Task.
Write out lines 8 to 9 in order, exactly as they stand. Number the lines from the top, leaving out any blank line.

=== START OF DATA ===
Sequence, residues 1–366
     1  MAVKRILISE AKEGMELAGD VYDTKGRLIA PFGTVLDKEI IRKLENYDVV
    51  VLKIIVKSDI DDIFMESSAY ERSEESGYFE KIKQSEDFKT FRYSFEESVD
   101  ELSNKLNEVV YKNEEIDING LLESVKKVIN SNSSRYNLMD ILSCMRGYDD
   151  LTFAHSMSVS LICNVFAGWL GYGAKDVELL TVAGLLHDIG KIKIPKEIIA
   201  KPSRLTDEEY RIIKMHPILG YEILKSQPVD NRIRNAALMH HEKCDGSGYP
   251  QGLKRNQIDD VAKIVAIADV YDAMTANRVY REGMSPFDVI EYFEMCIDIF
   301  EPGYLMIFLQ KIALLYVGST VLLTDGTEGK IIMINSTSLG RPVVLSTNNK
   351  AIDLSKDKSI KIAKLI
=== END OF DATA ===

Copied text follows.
   301  EPGYLMIFLQ KIALLYVGST VLLTDGTEGK IIMINSTSLG RPVVLSTNNK
   351  AIDLSKDKSI KIAKLI